We already had a debt problem when President Obama took office. He transformed it into a crisis. Trillion-dollar deficits were unheard of before he took office; they are now the new normal. He added more to the debt in just over three years than his predecessor, George W. Bush, added in eight. He has offered no serious plan to address the debt crisis that threatens to destroy our future. Indeed, in his stump speech, the president invariably rattles off a long list of things that we need to “invest” in. Translated: He wants to keep spending money we don’t have.
But of all the things that President Obama has done to jeopardize our future, none poses a greater threat than Obamacare — and we have barely begun to experience the destructive impacts of that atrociously designed law. At a time when President Obama’s own debt commission was warning that we can’t afford the entitlements we already have, the president pushed through a brand new entitlement that may prove to be the costliest one of all. The cost estimates for Obamacare have already almost tripled from what Obama promised, and the law hasn’t even fully gone into effect. Entitlement programs almost always end up costing many, many times more than what we’re promised when they’re proposed. Obamacare is already proving that it will not be an exception. If President Obama is re-elected, all hope of replacing Obamacare with a more cost-effective alternative will be lost. The entrenchment of Obamacare, more than anything else, will speed us toward a shared destiny with Greece.
The debt crisis has fundamentally changed the choice we face as an electorate. In normal times, there can be a healthy debate between those who advocate for more government spending and those who advocate for less. And in normal times, Americans can choose one approach or the other without causing long-term damage. But with our debt crisis, liberals and conservatives can no longer compete on an equal footing. This election is indeed a choice between two different visions for our future — but we can only afford one of those visions. Obama’s vision, with its endless costly “investments,” may have been a viable option in normal times. In these times, it is not. This election is no longer about the future we would prefer, but rather about the future we can afford. And there is only one legitimate choice if we’re serious about our survival.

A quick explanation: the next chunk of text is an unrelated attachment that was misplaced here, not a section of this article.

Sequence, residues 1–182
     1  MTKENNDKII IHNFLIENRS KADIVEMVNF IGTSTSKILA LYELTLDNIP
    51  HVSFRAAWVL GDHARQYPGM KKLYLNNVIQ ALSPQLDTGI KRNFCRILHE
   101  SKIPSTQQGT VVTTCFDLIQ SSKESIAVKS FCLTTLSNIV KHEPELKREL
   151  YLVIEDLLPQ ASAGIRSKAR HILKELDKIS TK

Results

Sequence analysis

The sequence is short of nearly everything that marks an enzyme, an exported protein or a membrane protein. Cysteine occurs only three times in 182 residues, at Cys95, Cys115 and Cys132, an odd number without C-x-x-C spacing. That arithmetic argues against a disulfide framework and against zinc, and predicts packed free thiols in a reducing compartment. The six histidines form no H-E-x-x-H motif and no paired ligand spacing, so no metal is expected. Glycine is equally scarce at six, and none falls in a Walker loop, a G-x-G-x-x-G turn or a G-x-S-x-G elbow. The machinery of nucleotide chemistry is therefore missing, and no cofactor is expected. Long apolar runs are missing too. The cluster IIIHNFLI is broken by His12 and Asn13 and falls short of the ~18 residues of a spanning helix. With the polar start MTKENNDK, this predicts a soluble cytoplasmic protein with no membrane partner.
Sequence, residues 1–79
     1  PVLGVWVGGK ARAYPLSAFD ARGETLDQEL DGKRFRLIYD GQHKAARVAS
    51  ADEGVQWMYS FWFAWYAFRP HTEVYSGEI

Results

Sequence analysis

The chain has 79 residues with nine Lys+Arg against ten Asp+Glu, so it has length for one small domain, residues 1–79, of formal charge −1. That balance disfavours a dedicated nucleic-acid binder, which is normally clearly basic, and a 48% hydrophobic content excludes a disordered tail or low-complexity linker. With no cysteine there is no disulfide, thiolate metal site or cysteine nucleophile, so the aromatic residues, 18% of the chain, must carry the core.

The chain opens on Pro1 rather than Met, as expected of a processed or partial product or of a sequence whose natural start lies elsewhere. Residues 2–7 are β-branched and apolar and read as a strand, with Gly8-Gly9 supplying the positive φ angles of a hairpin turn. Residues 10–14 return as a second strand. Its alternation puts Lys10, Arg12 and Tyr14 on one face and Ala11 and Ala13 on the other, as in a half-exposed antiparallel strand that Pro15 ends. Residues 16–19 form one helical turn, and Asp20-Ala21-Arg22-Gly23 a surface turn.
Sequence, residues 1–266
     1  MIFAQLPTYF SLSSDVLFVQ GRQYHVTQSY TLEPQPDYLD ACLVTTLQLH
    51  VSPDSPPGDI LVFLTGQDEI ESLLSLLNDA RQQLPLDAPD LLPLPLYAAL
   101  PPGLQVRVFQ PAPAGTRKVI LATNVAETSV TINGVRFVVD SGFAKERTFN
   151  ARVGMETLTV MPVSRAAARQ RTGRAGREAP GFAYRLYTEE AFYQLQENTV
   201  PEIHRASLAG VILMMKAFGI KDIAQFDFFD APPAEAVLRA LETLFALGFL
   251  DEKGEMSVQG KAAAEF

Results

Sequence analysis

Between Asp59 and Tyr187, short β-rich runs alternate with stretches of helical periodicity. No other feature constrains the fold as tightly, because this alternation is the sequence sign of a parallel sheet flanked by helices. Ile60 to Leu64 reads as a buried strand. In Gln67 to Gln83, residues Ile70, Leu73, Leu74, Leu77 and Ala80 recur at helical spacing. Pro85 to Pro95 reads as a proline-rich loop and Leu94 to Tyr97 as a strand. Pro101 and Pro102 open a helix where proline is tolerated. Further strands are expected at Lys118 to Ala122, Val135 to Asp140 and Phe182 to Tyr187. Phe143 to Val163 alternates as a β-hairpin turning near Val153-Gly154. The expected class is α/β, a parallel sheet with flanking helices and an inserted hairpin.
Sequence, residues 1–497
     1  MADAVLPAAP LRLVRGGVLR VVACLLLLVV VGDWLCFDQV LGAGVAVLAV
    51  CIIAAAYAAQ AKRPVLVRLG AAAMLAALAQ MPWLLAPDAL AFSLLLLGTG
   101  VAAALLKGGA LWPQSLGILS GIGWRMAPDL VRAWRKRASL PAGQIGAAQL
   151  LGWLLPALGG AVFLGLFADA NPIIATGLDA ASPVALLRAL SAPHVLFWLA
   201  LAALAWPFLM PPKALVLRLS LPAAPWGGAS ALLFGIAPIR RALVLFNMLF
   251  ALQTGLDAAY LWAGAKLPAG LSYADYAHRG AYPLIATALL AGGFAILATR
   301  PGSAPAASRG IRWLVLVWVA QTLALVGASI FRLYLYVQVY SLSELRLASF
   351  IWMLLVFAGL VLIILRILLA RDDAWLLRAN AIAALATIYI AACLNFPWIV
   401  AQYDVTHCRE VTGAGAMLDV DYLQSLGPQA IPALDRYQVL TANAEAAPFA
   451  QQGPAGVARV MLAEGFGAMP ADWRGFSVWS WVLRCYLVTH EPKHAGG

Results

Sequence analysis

There are many other reasons to vote for Mitt Romney. The president has a long and troubling history of saying things he doesn’t mean. Most recently, the president’s handling of the Benghazi tragedy suggests that he purposely misled us, for political purposes, about the murder of four brave Americans. And after lecturing us on civility, the president has demeaned his office with a shamefully dishonest name-calling campaign to convince us that Mitt Romney — a person of great compassion, decency and accomplishment — is some kind of monster.
I haven’t even mentioned the issue that is foremost on most of our minds: President Obama’s incompetent stewardship of the economy. His policies, including but not limited to Obamacare, have scared businesses away from creating the jobs we need to climb out of this mess. The president’s first term has been marred by anemic growth, persistent joblessness and soaring poverty; he has given us no reason to believe that he would do a better job in a second term. Under Obama’s misguided leadership, we are certainly experiencing a great deal of misery today. But if he is re-elected, that misery will pale in comparison to what awaits us tomorrow.
David B. Cohen served in the administration of President George W. Bush as U.S. Representative to the Pacific Community, as Deputy Assistant Secretary of the Interior, and as a member of the President’s Advisory Commission on Asian Americans and Pacific Islanders. He is the author of Left-Hearted, Right-Minded: Why Conservative Policies Are The Best Way To Achieve Liberal Ideals.